News and Press Releases

U.S. Attorney's Office To Co-Host CLE Program
Celebrating 50Th Anniversary Of Title VII

FOR IMMEDIATE RELEASE
June 10, 2014

Memphis, TN – In commemoration of the 50th anniversary of the passage of Title VII of the 1964 Civil Rights Act, a Continuing Legal Education program entitled, “Remaking America: 50 Years of Title VII of the Civil Rights Act” will be held at the University of Memphis Cecil Humphreys School of Law on Friday, June 13, 2014, from 11 a.m. until 5:00 p.m., announced U.S. Attorney Edward L. Stanton III.

The program, hosted by the United States Attorney’s Office, the Equal Employment Opportunity Commission, the Cecil Humphreys School of Law and the National Bar Association, will feature Paulette Brown, President-Elect of the American Bar Association (ABA) as the luncheon speaker and panelist. Ms. Brown is an attorney with Edwards Wildman in Morristown, N.J. If elected, she will be the first woman of color to lead the ABA. Also in attendance will be P. David Lopez, General Counsel of the Equal Employment Opportunity Commission, Washington, D.C. Other panelists will include federal district judges William J. Haynes, Jr., Brian S. Miller and S. Thomas Anderson, and Tennessee attorneys Donald Donati, Michael Cody, Waverly Crenshaw and Walter Bailey. Attorneys attending the program can receive 4.5 hours of CLE.

As late as the 1960s, it was not uncommon in America to see classified advertisements that openly stated, “White Only,” “Men Only,” “Negroes need not apply,” “No Irish,” “No Jews,” and other equally discriminatory statements. Blacks, women, religious and other minorities were often relegated to the lowest paying and most undesirable jobs.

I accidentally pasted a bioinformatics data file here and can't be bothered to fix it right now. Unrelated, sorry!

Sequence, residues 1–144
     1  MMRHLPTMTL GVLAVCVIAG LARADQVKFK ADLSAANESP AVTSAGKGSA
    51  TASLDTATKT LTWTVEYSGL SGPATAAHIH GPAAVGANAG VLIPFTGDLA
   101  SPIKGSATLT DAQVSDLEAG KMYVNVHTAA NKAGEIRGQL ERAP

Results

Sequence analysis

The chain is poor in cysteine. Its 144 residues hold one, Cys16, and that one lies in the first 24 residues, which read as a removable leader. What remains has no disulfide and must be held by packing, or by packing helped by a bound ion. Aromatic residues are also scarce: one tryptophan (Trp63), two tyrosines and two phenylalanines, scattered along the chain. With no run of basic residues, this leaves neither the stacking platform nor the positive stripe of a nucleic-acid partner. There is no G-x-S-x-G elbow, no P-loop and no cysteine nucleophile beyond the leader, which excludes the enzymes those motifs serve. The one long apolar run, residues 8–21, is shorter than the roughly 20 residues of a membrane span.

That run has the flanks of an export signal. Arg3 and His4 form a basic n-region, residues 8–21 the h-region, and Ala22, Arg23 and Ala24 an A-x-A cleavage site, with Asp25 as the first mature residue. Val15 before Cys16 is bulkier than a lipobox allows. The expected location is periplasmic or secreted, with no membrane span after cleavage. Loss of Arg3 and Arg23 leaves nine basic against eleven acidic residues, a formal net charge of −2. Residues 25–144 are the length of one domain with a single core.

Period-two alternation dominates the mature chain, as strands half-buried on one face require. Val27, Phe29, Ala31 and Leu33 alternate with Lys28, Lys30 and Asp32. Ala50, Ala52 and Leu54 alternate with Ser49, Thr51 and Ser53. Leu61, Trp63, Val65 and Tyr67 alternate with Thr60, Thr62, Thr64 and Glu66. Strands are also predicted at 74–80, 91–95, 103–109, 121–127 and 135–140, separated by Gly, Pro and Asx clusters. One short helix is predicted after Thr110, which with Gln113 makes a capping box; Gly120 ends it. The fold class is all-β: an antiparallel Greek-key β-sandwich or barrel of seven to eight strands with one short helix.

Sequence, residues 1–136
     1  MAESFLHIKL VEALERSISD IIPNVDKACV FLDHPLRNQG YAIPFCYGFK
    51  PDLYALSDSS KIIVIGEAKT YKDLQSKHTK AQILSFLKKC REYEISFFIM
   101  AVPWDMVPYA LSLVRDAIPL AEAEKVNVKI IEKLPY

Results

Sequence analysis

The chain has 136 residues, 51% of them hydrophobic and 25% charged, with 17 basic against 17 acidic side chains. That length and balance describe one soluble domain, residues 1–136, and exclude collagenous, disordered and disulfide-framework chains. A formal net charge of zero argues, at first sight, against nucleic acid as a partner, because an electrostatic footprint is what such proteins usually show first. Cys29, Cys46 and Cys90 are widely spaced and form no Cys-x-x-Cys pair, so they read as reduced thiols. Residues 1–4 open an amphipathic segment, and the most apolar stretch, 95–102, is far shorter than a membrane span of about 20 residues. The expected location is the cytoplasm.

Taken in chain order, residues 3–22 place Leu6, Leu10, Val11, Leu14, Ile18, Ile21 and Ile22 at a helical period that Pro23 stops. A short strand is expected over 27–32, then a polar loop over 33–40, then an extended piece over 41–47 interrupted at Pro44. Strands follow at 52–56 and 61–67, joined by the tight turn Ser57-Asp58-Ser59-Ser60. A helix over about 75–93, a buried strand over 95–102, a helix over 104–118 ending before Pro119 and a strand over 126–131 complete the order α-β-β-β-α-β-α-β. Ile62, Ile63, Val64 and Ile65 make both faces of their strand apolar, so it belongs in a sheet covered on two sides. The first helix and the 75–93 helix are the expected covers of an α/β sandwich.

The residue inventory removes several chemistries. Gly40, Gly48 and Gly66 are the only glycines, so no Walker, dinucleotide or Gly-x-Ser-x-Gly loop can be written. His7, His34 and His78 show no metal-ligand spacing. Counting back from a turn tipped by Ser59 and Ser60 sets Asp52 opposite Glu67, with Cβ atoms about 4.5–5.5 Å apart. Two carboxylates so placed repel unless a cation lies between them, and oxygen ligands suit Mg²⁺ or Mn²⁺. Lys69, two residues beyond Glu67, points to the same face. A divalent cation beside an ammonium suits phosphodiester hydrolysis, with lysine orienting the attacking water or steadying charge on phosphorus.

On July 2, 1964, President Johnson signed Title VII into law. It prohibits discrimination in employment decisions “because of an individual’s race, color, religion, sex, or national origin.” The bill created the Equal Employment Opportunity Commission.

“America has come a long way since the days of the ‘No Colored’ and ‘No Women’ want-ads. While impermissible discrimination still exists, it does not exist in the open and notorious way that it did prior to 1964. African Americans, women and other minorities have made great strides in obtaining employment opportunities once thought unimaginable,” said U.S. Attorney Stanton. “Title VII’s role in opening opportunities for all of America’s citizens cannot be overstated.”

For information about attending this event, contact Brenda Webber at 901-544-0122.

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